What does Jesus know that we do not?
This coming Sunday, we will pray in our opening Collect for God to “give us the liberty of that abundant life” which has been revealed to us in Jesus. These are powerful ideals, liberty and abundance, and this language echoes Jesus’s own understanding of His mission – that “[we] might have life, and have it abundantly” (John 10:10b).
But what does the abundant life look like? Let’s begin with what it is not: While some hold to the tenets of the so-called “prosperity Gospel,” which promises that believers will be rewarded with temporal riches, it’s safe to say that most mainline Christian denominations understand God’s abundance differently. The “Way of Love,” a set of ancient Christian practices promoted by the Episcopal Church and preached extensively by Presiding Bishop Michael Curry, describes the abundant life in this way:
- Overflowing with joy, peace, generosity, and delight
- Where there is enough for all because we all share with abandon
- A life of meaning, given back to God and lived for others.
The abundant life that Jesus offers is not measured in terms of status, wealth, education, or possessions. On the contrary: Jesus invites us to transcend (dare I say break free from?) societal metrics of plenty and strive instead for a life of true meaning and purpose. This can be challenging, when so many of us have been taught to evaluate success according to a set of predictable markers, most of which have to do with “upward mobility.” Yet we also know that pressure to perform, achieve, and acquire can lead to anxiety, depression, and debilitating stress – none of which feels particularly abundant to me. What does Jesus know that we do not?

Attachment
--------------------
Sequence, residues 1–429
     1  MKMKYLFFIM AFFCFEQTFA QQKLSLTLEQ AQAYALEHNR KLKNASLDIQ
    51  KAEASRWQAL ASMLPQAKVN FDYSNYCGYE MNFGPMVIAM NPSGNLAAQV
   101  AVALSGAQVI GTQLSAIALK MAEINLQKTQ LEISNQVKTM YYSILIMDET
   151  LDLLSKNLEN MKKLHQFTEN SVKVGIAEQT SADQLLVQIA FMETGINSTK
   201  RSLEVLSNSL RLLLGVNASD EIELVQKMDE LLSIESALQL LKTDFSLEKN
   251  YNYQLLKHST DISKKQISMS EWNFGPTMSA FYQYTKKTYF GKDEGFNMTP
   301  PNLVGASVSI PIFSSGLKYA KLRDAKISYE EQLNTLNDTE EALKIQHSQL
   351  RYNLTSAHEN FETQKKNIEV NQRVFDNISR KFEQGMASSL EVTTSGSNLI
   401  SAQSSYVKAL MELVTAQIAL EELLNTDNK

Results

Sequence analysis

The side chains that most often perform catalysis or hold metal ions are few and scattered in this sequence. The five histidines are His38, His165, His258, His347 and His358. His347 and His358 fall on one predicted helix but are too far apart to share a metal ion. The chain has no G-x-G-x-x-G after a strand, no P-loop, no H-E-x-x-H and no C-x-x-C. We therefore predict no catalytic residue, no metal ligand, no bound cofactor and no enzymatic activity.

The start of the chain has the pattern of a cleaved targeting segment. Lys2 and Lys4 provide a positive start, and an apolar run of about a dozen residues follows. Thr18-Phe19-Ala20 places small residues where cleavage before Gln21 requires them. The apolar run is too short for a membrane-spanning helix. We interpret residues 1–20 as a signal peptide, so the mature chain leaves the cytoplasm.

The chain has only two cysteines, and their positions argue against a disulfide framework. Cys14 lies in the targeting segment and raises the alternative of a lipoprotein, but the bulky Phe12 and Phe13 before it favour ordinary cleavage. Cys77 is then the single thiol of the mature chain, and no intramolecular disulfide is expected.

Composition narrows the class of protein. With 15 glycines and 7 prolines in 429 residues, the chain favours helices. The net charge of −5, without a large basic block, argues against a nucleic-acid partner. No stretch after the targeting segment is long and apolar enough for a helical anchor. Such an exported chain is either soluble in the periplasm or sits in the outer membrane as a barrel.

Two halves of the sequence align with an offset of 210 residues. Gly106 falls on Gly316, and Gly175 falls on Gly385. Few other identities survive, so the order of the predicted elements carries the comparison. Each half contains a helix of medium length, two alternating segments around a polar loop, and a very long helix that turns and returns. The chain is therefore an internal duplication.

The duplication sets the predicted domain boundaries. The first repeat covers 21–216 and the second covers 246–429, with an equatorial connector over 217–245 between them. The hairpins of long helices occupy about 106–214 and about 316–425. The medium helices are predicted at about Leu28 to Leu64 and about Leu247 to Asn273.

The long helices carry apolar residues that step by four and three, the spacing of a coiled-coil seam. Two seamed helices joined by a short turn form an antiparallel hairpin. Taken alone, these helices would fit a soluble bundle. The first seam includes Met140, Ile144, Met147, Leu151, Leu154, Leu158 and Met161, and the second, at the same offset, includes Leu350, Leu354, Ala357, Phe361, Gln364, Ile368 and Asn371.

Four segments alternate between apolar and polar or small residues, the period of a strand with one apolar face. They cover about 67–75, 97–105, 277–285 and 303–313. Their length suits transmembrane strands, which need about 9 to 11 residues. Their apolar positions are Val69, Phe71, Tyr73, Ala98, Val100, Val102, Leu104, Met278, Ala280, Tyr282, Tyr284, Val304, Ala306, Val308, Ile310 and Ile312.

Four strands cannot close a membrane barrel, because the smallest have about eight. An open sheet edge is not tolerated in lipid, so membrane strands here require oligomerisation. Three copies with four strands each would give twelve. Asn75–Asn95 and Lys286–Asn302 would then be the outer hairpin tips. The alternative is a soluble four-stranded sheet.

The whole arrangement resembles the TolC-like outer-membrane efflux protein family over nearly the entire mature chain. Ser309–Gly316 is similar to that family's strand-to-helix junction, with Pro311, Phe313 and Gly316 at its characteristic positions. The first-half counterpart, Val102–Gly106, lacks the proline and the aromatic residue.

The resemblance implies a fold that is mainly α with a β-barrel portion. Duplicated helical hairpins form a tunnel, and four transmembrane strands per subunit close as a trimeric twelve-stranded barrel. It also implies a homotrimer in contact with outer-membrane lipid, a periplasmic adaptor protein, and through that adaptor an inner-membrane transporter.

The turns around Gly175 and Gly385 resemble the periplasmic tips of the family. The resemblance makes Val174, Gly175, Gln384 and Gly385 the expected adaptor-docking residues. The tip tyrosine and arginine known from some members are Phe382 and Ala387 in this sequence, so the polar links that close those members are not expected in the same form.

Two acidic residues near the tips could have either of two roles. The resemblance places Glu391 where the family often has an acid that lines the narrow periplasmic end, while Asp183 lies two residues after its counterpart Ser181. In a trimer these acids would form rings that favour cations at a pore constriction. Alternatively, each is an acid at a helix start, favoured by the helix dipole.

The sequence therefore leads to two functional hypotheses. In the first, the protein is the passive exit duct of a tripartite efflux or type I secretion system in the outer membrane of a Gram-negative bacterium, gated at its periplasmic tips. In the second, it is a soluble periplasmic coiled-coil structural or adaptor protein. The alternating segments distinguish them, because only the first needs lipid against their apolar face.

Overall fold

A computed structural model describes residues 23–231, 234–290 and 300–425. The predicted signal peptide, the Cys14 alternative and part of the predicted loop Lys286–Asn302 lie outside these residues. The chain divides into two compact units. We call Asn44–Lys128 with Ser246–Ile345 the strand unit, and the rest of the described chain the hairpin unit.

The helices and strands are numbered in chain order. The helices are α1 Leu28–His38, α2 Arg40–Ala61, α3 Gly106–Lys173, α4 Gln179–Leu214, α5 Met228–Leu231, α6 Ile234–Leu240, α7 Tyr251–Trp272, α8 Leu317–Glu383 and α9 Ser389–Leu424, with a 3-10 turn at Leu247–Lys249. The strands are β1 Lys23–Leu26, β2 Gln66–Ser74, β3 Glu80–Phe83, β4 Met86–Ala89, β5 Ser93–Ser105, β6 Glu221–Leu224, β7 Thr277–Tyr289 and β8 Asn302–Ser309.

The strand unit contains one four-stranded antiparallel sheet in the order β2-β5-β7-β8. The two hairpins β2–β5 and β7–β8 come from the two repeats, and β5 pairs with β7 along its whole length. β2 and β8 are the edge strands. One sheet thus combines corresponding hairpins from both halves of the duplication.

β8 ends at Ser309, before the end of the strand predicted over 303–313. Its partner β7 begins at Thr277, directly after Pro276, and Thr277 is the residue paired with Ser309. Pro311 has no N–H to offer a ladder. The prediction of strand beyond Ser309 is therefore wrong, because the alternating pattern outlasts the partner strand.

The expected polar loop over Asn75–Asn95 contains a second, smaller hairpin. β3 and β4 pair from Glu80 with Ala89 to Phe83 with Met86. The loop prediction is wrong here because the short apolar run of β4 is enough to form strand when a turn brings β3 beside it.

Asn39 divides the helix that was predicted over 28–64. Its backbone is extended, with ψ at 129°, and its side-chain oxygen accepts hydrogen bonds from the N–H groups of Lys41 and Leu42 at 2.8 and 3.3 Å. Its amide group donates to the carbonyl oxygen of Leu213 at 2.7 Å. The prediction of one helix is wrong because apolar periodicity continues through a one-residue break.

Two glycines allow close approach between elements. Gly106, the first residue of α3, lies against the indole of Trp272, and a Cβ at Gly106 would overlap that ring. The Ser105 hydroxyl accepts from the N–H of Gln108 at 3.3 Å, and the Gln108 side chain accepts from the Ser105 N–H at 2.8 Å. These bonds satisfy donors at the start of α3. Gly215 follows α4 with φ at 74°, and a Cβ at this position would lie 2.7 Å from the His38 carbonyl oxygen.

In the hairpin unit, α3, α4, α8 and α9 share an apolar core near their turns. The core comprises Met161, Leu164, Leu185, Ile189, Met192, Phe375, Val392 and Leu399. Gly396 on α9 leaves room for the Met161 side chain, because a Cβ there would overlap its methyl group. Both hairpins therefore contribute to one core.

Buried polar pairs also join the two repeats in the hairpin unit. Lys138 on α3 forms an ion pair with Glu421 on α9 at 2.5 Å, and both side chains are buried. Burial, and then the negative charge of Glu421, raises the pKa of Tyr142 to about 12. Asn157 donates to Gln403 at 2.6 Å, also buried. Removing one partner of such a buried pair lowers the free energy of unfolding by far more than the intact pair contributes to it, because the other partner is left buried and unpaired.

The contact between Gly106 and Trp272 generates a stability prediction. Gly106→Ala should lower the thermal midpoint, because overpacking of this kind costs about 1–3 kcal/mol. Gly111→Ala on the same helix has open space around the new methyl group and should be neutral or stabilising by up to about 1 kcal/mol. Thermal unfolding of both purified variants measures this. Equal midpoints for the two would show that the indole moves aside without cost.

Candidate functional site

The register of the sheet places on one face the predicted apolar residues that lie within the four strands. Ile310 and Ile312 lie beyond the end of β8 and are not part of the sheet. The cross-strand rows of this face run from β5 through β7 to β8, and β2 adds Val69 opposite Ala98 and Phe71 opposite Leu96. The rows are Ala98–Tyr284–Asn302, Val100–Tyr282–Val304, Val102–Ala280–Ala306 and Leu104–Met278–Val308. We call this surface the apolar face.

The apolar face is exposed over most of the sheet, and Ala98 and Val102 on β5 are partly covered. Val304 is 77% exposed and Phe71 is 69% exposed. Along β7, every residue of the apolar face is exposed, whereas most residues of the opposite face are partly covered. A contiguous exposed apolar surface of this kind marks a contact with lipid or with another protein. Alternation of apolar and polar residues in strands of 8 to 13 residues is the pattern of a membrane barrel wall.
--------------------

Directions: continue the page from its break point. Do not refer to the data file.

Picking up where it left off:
You have heard me say before that the call of the Christian is to be counter-cultural, and it seems to me that pursuing God’s – and not the world’s – abundance is a great place to start. Begin with gratitude, naming and giving thanks for all the blessings of your life. This may require discipline and fortitude, since it seems to be human nature to focus on what we lack (a “glass half-empty” mindset), as opposed to on what we have been given (a “glass half-full” mindset). Insofar as possible, reject scarcity. Rebuke the voice that says “I don’t have enough” or “I’m not good enough.” Imagine yourself bathed in the lavish, over-the-top, abundant love of God – and then offer that love to someone else. You’ll be amazed by what happens!
This week, I encourage you to take words such as “overflowing,” “joy,” “generosity,” “delight,” and “abandon” to prayer. Reflect on each one in turn – slowly, deliberately. What feelings are evoked? What do they do for your soul? How might God be calling you to respond? How might you begin to enjoy the abundant life?